The Volokh Conspiracy
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As discussed in my forthcoming book, Classified, when the Office of Management and Budget created the official Statistical Directive 15 "Hispanic" (later changed to Hispanic or Latino) category in 1977, it dictated that Hispanic was an ethnic classification, not a racial one. Despite occasional efforts to change the category to a racial one, most recently with the blessing of the Obama administration, it has remained an ethnic category ever since. This surprised me, because not only are Hispanics often colloquially often referred to a racial minority, but the Supreme Court has consistently referred to preferences for Hispanics in higher education as "racial preferences."
In the course of my research, I cleared up the mystery. When the Statistical Directive 15 categories went into effect, most government agencies that collected racial and ethnic statistics responded by placing a two-part race/ethnicity question on demographic forms. These forms asked individuals if they were Hispanic and, separately, what race they saw themselves as belonging to (White, Black, Native American, or Asian American).
The Department of Education, however, demurred. Its Office of Civil Rights left it up to the schools and universities gathering statistics about their applicants and student bodies to decide whether to use a two-part question or a one-part question. A one-part question asks individuals whether they are Black, White, Hispanic, Native American, or Asian.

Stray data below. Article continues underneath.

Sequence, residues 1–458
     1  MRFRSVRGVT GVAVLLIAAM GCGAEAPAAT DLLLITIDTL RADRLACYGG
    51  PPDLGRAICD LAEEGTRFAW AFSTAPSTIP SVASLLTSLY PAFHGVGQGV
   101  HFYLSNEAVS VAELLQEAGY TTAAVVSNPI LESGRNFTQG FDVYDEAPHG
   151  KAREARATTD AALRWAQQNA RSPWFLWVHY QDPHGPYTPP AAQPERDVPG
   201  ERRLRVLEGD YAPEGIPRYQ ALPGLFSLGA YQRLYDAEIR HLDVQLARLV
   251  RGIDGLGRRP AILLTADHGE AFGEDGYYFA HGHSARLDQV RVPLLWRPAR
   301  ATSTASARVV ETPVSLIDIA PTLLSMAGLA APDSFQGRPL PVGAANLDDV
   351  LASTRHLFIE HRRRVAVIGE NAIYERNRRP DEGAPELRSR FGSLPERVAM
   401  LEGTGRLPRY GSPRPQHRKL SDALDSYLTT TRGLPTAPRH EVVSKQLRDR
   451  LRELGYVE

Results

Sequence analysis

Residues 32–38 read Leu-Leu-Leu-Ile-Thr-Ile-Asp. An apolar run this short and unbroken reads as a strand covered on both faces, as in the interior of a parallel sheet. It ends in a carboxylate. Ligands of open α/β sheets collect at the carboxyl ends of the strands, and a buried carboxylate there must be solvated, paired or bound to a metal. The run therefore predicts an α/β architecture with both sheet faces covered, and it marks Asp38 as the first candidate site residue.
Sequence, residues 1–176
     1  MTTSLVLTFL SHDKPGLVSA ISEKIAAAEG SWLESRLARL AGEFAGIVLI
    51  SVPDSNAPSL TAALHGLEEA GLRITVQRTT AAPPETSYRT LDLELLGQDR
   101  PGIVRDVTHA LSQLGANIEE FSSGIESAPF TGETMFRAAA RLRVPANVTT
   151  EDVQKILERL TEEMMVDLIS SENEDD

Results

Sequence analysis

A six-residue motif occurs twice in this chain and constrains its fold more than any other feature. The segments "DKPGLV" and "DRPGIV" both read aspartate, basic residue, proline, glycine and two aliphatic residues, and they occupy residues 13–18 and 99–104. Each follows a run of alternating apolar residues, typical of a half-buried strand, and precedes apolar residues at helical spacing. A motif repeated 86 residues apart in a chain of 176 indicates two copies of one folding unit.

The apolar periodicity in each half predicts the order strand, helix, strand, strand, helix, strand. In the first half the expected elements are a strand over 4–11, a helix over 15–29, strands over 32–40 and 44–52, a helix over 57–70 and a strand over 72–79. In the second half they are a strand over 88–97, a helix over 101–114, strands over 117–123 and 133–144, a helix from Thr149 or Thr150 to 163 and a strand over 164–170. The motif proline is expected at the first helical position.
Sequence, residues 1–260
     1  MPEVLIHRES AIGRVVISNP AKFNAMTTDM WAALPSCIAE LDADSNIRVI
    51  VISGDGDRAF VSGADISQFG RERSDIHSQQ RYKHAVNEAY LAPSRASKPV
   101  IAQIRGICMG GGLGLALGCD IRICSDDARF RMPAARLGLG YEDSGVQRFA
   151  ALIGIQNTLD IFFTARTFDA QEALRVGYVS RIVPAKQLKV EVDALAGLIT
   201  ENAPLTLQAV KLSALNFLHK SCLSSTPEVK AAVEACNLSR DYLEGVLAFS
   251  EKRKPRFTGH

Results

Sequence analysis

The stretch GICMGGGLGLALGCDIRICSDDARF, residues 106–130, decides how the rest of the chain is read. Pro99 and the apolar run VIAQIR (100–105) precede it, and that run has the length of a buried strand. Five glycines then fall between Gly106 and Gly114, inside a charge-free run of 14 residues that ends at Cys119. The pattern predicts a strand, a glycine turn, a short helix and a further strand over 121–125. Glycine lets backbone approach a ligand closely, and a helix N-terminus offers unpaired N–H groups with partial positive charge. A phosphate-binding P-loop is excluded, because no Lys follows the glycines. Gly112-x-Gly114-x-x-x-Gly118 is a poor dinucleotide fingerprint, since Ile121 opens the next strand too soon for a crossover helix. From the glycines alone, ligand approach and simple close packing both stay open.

Universities overwhelmingly chose the one-question route. This made Hispanic status the equivalent of a racial status—for example, one could not be both Hispanic and White on these universities' admissions forms.
The Department of Education did not change its rules to require a two-question ethnicity classification until 2007, about a decade after OMB told the Department it had to do so. By then, the notion that Hispanic affirmative action preferences in university admissions amounted to a "racial" preference was entrenched. But for whatever it's worth, as far as the U.S. government is concerned, preferences for African Americans, Native Americans, and Hawaiians and Pacific Islanders are "racial" preferences, while preferences for Hispanics are "ethnic" preferences, and Hispanics can be of any race. [About fifty percent of Hispanic check the White box on forms, most of the rest identify themselves as "other"].